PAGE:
📽️ Disney Time – The Little Mermaid

List Item:  Watch The Disney Animated Canon
Progress: 28/57Title: The Little Mermaid
Year: 1989

Right, so before I start talking about this film… in real time it’s been nearly a week since I watched Oliver & Company, have had the interview and AMAZINGLY got the job. The level of relief over the tension that has been accumulating for the last six months is extraordinary, which might go a long way to explain the amount of happy tears I shed whilst watching this film. That, and this is just a legitimately amazing film.

When you consider that this film was released a year after Oliver & Company, the leap in the scope and quality of film-making is beyond belief. Makes a bit more sense when you look at a lot of The Little Mermaid’s key personnel and see that they are shared with The Great Mouse Detectivebut there is still a noticeable increase in quality that signposts this as the beginning of the Disney Renaissance.

Firstly, there’s the songs. Whilst music has nearly always been important to the Disney films, this is their first major musical since The Jungle BookHowever, unlike The Jungle Book, there are no filler songs in The Little Mermaid. Not only that, but they went all out when creating the cinematic sequences. The level of detail that you see in all the fish in ‘Under The Sea’ is unlike anything that’s been done before in Disney.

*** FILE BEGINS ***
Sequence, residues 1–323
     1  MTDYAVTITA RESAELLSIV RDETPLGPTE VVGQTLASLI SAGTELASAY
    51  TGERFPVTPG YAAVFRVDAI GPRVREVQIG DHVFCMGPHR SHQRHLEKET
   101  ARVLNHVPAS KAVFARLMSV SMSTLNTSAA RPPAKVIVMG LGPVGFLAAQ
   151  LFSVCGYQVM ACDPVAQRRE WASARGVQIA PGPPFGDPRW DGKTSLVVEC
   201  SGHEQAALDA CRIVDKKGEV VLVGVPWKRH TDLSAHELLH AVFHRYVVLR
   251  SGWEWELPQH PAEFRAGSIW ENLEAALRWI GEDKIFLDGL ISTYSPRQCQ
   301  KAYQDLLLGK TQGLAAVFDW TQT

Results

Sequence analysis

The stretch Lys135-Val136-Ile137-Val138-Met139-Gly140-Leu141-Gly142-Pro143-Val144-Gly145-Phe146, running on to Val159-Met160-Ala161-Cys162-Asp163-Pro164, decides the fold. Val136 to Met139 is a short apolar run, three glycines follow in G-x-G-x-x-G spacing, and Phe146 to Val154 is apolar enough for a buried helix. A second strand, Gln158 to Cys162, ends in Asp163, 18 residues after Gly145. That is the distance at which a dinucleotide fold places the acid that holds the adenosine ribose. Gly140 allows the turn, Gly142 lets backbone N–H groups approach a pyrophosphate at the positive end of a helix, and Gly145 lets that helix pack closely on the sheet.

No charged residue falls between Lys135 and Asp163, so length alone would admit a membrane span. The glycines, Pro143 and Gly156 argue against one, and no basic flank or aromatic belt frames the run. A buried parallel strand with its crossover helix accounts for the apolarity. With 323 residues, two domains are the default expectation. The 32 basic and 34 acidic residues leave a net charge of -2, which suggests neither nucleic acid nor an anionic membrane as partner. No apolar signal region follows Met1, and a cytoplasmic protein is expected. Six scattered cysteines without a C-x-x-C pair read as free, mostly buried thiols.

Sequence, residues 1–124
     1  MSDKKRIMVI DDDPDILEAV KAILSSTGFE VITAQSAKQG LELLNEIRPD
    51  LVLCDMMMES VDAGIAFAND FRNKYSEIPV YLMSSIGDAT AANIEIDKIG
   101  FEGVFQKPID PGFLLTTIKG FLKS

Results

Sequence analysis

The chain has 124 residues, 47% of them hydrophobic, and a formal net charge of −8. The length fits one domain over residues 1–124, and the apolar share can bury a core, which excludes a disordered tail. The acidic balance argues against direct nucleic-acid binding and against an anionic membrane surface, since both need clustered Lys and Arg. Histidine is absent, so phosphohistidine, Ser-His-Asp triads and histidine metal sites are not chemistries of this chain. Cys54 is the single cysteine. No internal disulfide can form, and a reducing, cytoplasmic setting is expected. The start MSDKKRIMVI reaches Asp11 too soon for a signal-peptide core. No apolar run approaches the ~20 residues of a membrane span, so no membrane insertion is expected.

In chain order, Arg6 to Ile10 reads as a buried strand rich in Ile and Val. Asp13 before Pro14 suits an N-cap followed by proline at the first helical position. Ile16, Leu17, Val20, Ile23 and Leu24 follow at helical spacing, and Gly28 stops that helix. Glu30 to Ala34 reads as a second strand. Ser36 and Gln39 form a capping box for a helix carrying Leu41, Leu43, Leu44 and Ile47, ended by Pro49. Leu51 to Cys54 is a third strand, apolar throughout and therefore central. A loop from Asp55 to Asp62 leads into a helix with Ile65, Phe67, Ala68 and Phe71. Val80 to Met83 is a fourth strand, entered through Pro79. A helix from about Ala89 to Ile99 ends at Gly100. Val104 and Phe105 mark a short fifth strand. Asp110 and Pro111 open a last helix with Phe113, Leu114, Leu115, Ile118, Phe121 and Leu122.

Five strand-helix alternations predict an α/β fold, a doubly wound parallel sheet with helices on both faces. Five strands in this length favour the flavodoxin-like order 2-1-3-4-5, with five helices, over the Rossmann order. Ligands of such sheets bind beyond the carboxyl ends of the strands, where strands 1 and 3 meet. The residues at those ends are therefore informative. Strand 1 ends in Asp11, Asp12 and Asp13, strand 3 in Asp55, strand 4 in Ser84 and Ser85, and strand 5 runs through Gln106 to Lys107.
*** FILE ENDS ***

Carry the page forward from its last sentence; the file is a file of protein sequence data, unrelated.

It’s also worth noting that, unlike the songs in films like Oliver & Company and Robin Hoodthe songs in The Little Mermaid are near universally used for character development, moving the plot on or a mixture of both. I mean look how much we learn about Ursula’s past and her current motivations from ‘Poor Unfortunate Souls’, then compare it to ‘Why Should I Worry?’ where all we get is that Dodger is meant to be cool… and that’s about it.

I can already see just how long this blog post is becoming and I need to edit some of the things I wanted to say otherwise I’ll be writing this until 2 am. In the end, The Little Mermaid sees Disney returning to their fairy tale roots that hadn’t been re-visited for 30 years (the last fairy tale film being Sleeping Beauty), just updated for a more modern audience.

Not only has the animation received yet another upgrade, but so have the characterisations. Eric is the first Disney prince who feels like they tried to create an actual human male rather than an archetype, King Triton is incredibly relatable as the father trying to protect his 16-year-old daughter from very real danger and then there is Ariel. She is an incredibly active participant in realizing her own aspirations (even more so than Cinderella) and is the closest we have so far gotten to a more feminist heroine – something that won’t be completely realized until Belle in Beauty & The Beast.

On the whole this is just a magical film that still holds up between childhood and adult viewings. It was so great to see it again and soon I’ll be getting to the ridiculously acclaimed run of Beauty & The Beast, The Lion King and Aladdin. First, however, will be The Rescuers Down Under – one of the very few sequels in the canon. I enjoyed the original far more than I remembered, so I hope this continues with their trip to Australia.


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